8. It might be time for the Bolts to completely clean house.
That final drive by the Chargers in their 20-13 loss to the Bengals was a microcosm of their entire season. Trailing 20-13 with just over two minutes to play, Philip Rivers drove San Diego down to Cincinnati’s 17-yard line and instead of testing the middle of the field with two timeouts, Rivers threw three passes that had only a small pray of being completed. Then on fourth down he whipped a pass to Bengals’ safety Reggie Nelson for a fitting, last-second turnover to cap San Diego’s loss. Even if Nelson didn’t intercept the pass, there was no way that Malcolm Floyd had a chance to catch it because his back was essentially turned. It was a brutal display of football and it has to be asked: Should Rivers follow Norv Turner and A.J. Smith out the door this offseason? It’s incredibly difficult to find quality starting quarterbacks in the NFL and Rivers has proven that he can win when he has a strong cast around him (which Smith has slowly depleted over the years). But it’s fair to wonder whether Rivers has met his ceiling in San Diego and if a mutual parting wouldn’t be beneficial to both parties.
9. The Bengals are winning with balance.
A month ago the Bengals were left for dead and now they’re one of the hottest teams in the NFL. That’s thanks in large part to their offense, which has finally found balance late in the season. BenJarvus Green-Ellis didn’t rush for 100 yards once in the first 10 games of the season, but he’s now rattled off three straight 100-plus yard efforts the past three weeks. In turn he’s made Andy Dalton and the passing game more potent, as defenses now have to worry about committing extra defenders to the run. Cincinnati’s defense has also risen to the challenge of late, yielding just 13, 6, 10, and 13 points in four consecutive victories. Of course, now the hard part comes. After feasting on the Chiefs, Raiders and Chargers these past three weeks, the Bengals will host the Cowboys next Sunday before traveling to Philadelphia and Pittsburgh, and then back home to host the Ravens in Week 17. Until it proves it can beat Pittsburgh and Baltimore, Cincinnati will remain a Super Bowl pretender. But thanks to a newfound running game and a red-hot defense, the Bengals aren’t likely to fall out of the playoff mix over the last month of the season.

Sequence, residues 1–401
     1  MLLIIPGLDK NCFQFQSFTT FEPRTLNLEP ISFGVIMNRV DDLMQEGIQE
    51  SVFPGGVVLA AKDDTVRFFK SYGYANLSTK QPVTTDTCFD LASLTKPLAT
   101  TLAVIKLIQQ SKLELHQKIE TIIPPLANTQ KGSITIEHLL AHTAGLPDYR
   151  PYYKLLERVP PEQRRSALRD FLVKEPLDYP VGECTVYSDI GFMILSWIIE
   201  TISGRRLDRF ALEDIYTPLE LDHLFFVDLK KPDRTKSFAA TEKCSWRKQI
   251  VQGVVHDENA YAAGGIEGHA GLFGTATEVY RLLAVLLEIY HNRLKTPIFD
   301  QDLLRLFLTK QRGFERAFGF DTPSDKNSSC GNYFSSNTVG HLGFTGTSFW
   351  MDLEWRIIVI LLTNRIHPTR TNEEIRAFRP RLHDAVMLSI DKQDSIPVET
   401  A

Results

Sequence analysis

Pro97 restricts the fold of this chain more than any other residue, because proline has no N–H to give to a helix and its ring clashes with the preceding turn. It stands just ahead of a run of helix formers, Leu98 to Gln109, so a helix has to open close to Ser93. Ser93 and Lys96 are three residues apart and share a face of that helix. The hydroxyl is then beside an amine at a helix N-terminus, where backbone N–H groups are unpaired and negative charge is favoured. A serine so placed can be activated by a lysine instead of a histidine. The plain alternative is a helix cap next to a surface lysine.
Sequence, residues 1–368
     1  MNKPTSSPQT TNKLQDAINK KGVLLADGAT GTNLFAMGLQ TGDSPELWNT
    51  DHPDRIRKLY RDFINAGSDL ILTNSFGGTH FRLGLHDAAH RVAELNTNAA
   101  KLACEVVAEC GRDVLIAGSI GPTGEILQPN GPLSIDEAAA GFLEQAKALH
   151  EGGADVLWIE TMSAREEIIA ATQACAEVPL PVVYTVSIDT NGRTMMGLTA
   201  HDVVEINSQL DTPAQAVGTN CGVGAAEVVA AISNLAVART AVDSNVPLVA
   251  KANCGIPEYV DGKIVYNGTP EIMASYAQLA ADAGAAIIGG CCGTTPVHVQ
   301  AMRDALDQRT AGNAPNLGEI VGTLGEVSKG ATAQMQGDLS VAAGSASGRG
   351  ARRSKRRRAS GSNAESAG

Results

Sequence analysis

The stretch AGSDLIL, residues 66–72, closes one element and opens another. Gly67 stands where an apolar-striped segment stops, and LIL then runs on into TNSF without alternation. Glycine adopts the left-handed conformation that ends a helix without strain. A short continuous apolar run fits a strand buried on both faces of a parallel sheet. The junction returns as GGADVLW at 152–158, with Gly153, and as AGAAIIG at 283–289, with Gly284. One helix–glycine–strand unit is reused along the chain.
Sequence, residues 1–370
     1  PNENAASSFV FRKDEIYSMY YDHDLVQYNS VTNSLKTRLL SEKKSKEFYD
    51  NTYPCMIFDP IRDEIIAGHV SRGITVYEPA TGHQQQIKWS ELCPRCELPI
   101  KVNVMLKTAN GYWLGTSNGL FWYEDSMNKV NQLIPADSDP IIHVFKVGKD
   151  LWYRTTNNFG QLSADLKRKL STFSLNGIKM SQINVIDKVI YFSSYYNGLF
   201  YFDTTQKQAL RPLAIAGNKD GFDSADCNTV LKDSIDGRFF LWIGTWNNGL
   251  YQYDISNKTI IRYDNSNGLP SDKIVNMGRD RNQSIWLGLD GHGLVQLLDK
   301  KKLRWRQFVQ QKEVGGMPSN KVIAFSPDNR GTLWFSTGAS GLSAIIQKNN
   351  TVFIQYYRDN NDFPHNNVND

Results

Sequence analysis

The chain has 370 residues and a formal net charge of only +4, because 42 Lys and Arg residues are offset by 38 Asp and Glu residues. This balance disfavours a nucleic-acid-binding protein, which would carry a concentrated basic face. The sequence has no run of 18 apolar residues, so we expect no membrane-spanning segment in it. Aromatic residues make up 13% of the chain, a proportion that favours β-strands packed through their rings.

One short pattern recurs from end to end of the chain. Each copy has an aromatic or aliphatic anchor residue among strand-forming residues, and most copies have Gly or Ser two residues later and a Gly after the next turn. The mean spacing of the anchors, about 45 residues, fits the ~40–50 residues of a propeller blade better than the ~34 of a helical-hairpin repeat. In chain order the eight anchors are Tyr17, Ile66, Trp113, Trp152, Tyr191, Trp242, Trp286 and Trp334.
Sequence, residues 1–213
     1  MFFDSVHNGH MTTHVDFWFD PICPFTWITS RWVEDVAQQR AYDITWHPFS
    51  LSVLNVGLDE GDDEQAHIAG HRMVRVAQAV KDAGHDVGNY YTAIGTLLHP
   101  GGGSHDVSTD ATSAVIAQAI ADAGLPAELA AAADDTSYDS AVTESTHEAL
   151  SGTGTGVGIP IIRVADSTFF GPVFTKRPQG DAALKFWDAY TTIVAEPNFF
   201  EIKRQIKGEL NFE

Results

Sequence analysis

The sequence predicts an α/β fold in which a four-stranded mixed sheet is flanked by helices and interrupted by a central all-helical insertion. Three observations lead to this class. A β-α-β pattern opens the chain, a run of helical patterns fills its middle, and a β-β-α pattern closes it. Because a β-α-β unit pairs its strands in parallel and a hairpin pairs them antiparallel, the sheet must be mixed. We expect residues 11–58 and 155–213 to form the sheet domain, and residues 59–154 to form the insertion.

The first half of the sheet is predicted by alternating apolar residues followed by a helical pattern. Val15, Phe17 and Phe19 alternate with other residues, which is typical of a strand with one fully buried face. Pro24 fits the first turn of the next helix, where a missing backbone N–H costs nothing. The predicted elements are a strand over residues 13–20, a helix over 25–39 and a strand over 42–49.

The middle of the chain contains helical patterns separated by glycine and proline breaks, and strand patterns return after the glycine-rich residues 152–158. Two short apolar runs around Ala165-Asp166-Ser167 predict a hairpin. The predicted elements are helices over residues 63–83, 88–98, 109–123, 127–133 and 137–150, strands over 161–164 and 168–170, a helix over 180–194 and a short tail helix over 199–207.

Rex Ryan declined to name his Week 14 starting quarterback following the Jets’ 7-6 victory over the Cardinals on Sunday but it’s a joke if Greg McElroy doesn’t start the final four games. That’s not to suggest that McElroy is the team’s future by one thing’s for sure: Mark Sanchez isn’t either…It’ll be interesting to see where Michael Vick winds up next season. Andy Reid is rolling with Nick Foles the rest of the year and if the rookie plays well, he may convince the Eagles’ next coach that he can be the starter. If that’s the case, Vick will be looking for work and it’ll be interesting to see if teams view him as a backup or a starter next offseason…Dez Bryant (6 catches, 98 yards, 2 TDs) once again proved on Sunday night that he’s not lacking for talent. But has he finally matured or is he only teasing Cowboy fans?…If Bryce Brown learns how to hold onto the football he could be one hell of a player…Too bad Mike Holmgren won’t see the fruits of his labor in Cleveland. That Browns team isn’t without talent, especially on offense where Brandon Weeden, Trent Richardson and Josh Gordon have put together solid seasons…I would pay to watch Peyton Manning play Andrew Luck in the wild card round. What a storyline-driven matchup that would be…Heath Miller continues to be one of the steadiest tight ends in the league. Another five catches for 97 yards and a touchdown in Pittsburgh’s win, and he was often Charlie Batch’s savior on third down.
Posted in: NFL
Tags: Aaron Rodgers, Andrew Luck, Andy Dalton, Atlanta Falcons, Brady Quinn, Brandon Marshall, Charlie Batch, Cincinnati Bengals, Colin Kaepernick, Drew Brees, Green Bay Packers, Heath Miller, Jay Cutler, Jeff Fisher, Jim Harbaugh, Joe Flacco, Jovan Belcher, Jovan Belcher murder, Jovan Belcher suicide, Kansas City Chiefs., Kasandra Perkins, Mark Sanchez, NFL Week 13, nfl week 13 scores, Philip Rivers, Romeo Crennel, Russell Wilson, San Francisco 49ers, Scott Pioli, St. Louis Rams
Quick-Hit Reactions from Week 13 in the NFL
Every Sunday throughout the 2011 NFL season I’ll compile quick-hit reactions from the day that was in football. I vow to always overreact, side with sensationalism over rationalism, and draw conclusions based on small sample sizes instead of cold, hard facts. It’s the only way I know how to write…